There is a good deal in the play about seeing and blindness. What purpose does this serve?

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readerofbooks | College Teacher | (Level 2) Educator Emeritus

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This is a great question. The theme of seeing and blindness is all over the tragedy. Let me sketch this theme a bit.

In the beginning of the tragedy, we can say that Oedipus is pretty sure of himself. For example, he solved the riddle of the Sphinx and he is now convinced that he could fix the problem of the plague of Thebes. From this point of view, we can say that Oedipus is filled with pride or hubris. This, in turn, blinds him.

As the story progresses, it is becoming increasingly clear to all that the curse of the land is due to Oedipus. He is the one who killed his father and married his mother. Jocasta, is wife/mother sees this all to clearly and so she takes her life. the chorus sees this. The blind Tiresias see this as well. The only one that does not see this is Oedipus. We can say that he is blind.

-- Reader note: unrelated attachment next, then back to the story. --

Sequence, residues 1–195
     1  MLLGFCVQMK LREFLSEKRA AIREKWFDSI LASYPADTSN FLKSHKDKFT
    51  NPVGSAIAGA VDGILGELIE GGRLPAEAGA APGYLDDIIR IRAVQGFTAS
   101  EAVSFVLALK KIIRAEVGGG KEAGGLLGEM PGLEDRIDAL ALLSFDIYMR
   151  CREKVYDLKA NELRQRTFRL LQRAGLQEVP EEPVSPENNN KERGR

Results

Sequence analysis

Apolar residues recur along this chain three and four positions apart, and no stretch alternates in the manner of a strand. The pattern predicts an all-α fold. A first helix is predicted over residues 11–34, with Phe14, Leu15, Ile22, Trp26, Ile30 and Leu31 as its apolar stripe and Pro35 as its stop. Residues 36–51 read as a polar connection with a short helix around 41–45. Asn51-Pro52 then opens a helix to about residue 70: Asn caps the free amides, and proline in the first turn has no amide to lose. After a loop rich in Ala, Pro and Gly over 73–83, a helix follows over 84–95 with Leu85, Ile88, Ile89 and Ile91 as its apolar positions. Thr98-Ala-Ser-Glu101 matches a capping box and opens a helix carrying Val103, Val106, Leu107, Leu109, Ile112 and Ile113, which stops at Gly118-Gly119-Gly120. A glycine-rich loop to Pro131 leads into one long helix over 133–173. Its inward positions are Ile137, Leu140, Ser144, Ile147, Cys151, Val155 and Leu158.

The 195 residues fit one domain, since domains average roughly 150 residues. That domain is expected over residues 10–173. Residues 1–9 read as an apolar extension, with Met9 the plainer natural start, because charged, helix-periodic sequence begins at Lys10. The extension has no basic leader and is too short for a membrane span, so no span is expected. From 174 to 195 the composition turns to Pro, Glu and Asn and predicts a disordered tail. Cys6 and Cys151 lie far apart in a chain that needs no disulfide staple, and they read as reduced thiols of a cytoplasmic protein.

What make this blindness even more pointed is that there is a juxtaposition with a blind seer, Tiresias. Through this, Sophocles is able to show the blindness of Oedipus by contrasting him to the insight of the blind seer.

At the end of the tragedy, Oedipus finally sees, but the irony is that he is now physically blind.


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